Cork Travel Guide

Cork Travel Guide

Cork is Southern Ireland's second largest city and it's city centre is situated on an island between two branches of the River Lee, joined to the mainland by a series of bridges. More sedate than Dubin, Cork has immense charm and it's Corkonian inhabitants offer a warm welcome to visitors. Don't miss the West Cork coastal towns.

Location

South coast of Ireland

Climate

Similar to the UK, summers are usually bright, up to 25 Celsius, winters can be cold but Cork escapes really bad weather due to it's sheltered coastal location.

Currency

EURO

Time Difference

GMT

Transfer Time

Cork airport is located to the south of the city and is easily accessible by bus, train and taxi.

Hotels

There is a wide variety of accomodation in Cork. In addition to the usual B&Bs and hotesl, there are holiday cottages, historic country houses and campsites offering good value accomodation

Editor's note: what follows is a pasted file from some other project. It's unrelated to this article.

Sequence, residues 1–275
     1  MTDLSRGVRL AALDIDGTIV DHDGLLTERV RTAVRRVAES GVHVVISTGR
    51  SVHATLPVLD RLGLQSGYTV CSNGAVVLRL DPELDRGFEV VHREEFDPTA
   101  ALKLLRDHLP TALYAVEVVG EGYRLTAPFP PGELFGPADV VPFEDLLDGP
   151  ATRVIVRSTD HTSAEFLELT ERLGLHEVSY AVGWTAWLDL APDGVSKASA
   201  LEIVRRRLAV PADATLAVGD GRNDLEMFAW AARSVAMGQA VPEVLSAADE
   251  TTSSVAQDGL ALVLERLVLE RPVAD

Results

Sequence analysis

Attractions

Blarney Castle, The Opera House, Princes Street Market, St Finbar's Cathedral, Cork City Jail, Cork Heritage Park, Doneraile Wildlife Park.

Shopping

Although Cork's City Centre is fairly small there are many local art and craft shops plus department stores situated on Patrick Street and Merchant Quay.

Excursions

Cobh (pronounced 'Cove') is situated on Great Island in Cork harbour and is a traditional Irish town, once a major embarkation point to America. Kinsale is a beautiful, picuresque town situated on the coast, south of Cork, famous for yachting, fishing and latterly, gourmet restaurants.

Family

The Irish love children and they are welcome in most hotels, restaurants and bars. There are many attractions (above) that children will enjoy.

Getting Around

Much of Cork's beauty lies outside of the city to the west and car hire is recommended as public transport is limited.